• Bloomberg

  • SHARE

Japan’s ruling coalition sees a need to review financial capital gains taxes to ensure fairness, but wants to avoid putting off ordinary investors, according to a copy of the party’s fiscal 2022 tax plan seen by Bloomberg.

The ruling parties said in the document there was a need to consider rectifying a situation in which people with higher incomes sometimes pay lower rates of tax. The coalition is expected to release the details of its tax plan Friday.

“We will fully take into account the need to avoid damaging the environment for ordinary investors, and consider the issue based on systems in other countries and the effect on markets,” the ruling parties said in the document.

Prime Minister Fumio Kishida has wavered over revising the tax, after the proposal was greeted with a fall in share prices and market criticism. The idea won’t be included in the tax plan that takes effect from April, in which the coalition has prioritized other issues, such as supporting companies that raise wages.

“I believe it will be considered next year or later, depending on the markets and the economy,” ruling Liberal Democratic Party tax panel chief Yoichi Miyazawa told reporters Thursday.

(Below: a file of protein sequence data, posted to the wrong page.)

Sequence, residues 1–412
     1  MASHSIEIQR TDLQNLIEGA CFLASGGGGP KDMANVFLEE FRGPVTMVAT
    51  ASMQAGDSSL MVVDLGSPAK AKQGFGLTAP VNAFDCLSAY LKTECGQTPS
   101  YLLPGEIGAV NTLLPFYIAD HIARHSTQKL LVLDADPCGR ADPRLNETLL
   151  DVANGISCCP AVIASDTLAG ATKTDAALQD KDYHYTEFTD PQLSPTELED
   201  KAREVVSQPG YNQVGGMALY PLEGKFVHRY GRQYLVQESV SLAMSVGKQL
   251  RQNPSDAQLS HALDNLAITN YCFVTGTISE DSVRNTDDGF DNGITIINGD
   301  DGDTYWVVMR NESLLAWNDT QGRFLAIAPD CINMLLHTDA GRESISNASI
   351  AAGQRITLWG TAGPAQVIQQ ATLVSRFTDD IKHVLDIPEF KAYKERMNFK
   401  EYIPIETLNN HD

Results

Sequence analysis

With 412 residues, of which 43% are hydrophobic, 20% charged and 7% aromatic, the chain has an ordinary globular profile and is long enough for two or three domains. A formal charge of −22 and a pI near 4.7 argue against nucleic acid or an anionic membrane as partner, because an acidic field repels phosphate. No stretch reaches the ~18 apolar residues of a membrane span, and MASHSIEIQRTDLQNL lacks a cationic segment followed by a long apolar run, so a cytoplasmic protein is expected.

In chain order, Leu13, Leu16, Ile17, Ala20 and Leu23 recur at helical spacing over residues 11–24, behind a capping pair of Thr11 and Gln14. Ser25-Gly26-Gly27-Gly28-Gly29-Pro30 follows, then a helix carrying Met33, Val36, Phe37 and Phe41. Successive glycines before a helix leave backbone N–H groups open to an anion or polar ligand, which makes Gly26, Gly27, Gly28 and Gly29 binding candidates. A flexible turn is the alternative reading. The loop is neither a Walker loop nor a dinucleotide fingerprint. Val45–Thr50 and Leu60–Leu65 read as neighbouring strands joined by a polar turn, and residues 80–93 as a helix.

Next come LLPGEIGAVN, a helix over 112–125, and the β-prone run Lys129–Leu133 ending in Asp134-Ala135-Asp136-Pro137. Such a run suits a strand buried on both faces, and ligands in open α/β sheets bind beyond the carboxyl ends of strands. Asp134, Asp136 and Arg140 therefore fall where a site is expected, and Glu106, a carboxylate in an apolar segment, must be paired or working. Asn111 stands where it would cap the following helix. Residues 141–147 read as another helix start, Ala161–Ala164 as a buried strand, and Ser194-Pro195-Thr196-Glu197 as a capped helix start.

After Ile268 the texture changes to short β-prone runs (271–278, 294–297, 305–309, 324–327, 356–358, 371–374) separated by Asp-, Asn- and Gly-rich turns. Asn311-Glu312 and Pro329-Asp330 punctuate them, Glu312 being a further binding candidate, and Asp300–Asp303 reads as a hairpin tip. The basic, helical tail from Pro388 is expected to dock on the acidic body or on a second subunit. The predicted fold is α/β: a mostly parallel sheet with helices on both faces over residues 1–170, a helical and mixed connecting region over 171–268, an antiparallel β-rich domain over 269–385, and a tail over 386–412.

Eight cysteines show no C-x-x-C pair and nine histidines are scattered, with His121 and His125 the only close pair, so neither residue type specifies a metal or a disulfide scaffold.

Kishida made the proposal as part of his “new capitalism” platform, which is aimed at reducing disparities and expanding the country’s middle class through better distribution of the fruits of economic growth. He told parliament Wednesday that revising the tax was one option for distributing wealth.

Other major points in the tax proposal for the fiscal year starting in April include:

  • To consider unified taxation on income from derivatives trading, based on the results of deliberations on prevention of deliberate tax avoidance.
  • Large companies to get up to 30% tax rebate and smaller companies up to 40% tax rebate for raising wages.
  • Strengthening of system for suspending use of special tax measures by companies that are particularly reluctant to invest or raise pay, even when profits are growing.
  • Tax rebate for home mortgages will be extended for four years, but reduced to 0.7% of the outstanding amount from the previous 1%.
  • Tax incentives for introducing 5G technology to be revised and extended.

In a time of both misinformation and too much information, quality journalism is more crucial than ever.
By subscribing, you can help us get the story right.

SUBSCRIBE NOW

PHOTO GALLERY (CLICK TO ENLARGE)